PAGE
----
Radical Form: Modernist Abstraction In South America

January 11, 2022|
Radical Form: Modernist Abstraction In South America by Megan A. Sullivan
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A timely look into how abstract art in South America aimed to envision a better society 

Emphasizing the open-ended and self-critical nature of the projects of abstraction in South America from the 1930s through the mid-1960s, this study focuses on the painting practices of Joaquín Torres-García, Tomás Maldonado, Alejandro Otero, and Lygia Clark. Megan A. Sullivan positions the adoption of modernist abstraction by South American artists as part of a larger critique of the economic and social transformations caused by Latin America’s state-led programs of rapid industrialization. Sullivan thoughtfully explores the diverse ways this skepticism of modernization and social and political change was expressed. Ultimately, it becomes clear that abstraction in South America was understood not as an artistic style to be followed but as a means to imagine a universalist mode of art, a catalyst for individual and collective agency, and a way to express a vision of a better future for South American society.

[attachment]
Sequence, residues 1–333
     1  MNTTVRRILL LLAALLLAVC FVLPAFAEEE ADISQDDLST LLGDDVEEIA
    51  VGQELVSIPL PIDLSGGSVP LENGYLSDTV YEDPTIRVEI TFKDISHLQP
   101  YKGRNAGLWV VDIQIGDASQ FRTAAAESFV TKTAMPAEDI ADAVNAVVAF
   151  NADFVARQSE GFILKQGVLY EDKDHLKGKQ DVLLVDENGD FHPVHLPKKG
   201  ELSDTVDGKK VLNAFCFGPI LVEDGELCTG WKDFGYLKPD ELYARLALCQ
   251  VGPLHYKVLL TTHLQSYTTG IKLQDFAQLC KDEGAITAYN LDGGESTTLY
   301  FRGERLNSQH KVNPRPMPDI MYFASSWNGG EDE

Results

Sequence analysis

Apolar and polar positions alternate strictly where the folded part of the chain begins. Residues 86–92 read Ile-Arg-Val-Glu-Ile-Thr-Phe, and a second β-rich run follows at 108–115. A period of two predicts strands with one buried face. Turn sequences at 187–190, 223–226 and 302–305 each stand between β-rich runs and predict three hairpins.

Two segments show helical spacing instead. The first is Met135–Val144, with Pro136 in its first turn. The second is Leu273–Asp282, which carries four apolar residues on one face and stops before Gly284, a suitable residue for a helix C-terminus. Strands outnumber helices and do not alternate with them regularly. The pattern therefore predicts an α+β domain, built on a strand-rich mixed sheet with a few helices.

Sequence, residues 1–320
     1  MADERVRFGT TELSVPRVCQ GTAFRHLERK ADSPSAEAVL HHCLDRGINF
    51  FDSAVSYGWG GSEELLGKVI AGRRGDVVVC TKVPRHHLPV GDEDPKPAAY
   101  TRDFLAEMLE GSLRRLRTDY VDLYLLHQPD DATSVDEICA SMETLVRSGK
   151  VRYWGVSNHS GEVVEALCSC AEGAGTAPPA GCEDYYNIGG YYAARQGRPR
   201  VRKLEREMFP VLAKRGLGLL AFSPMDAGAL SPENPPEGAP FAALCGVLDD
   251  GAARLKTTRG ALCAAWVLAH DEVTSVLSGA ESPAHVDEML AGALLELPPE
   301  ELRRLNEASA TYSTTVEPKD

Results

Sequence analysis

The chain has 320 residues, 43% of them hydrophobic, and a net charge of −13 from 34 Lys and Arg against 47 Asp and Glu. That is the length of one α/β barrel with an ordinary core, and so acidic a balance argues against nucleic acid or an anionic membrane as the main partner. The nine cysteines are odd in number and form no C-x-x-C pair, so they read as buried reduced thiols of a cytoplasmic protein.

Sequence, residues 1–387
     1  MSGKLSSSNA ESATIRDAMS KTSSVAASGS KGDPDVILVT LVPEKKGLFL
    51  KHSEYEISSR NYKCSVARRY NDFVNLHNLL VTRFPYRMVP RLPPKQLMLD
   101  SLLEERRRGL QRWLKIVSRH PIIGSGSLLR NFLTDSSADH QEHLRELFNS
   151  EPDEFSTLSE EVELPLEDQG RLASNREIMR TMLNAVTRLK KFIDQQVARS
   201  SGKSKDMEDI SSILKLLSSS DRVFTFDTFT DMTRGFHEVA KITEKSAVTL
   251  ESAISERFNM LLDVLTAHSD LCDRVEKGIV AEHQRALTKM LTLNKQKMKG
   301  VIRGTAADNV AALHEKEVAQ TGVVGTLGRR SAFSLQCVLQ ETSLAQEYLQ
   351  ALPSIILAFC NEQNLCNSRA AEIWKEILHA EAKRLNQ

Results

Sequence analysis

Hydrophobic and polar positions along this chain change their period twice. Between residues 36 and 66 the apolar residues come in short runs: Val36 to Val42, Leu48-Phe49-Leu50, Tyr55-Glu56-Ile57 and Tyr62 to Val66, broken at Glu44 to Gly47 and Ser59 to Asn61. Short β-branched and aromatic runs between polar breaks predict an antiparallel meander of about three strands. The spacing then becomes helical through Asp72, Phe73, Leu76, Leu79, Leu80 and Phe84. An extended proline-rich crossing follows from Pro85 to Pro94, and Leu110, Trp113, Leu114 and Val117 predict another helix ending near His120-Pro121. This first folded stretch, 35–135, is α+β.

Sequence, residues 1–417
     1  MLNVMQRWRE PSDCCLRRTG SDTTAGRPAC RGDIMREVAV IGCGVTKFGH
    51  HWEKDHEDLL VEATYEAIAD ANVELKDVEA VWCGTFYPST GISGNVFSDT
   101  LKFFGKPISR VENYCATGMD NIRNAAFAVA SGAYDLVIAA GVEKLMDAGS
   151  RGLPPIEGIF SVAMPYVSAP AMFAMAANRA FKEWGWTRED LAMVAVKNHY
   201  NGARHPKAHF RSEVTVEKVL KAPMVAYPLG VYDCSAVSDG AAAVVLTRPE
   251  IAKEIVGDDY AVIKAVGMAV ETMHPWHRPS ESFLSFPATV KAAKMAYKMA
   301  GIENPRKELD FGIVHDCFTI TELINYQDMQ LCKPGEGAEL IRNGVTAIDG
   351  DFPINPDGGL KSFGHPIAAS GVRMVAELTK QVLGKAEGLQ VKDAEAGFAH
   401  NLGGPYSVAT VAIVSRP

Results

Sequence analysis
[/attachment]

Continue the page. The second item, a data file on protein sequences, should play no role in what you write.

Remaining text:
Megan A. Sullivan is an assistant professor in the Department of Art History and the College at the University of Chicago.
Title:Radical Form: Modernist Abstraction In South America
Product dimensions:224 pages, 10 X 8 X 0.98 in
Shipping dimensions:224 pages, 10 X 8 X 0.98 in
Published:January 11, 2022
Publisher:Yale University Press
Appropriate for ages:All ages
ISBN - 13:9780300254020

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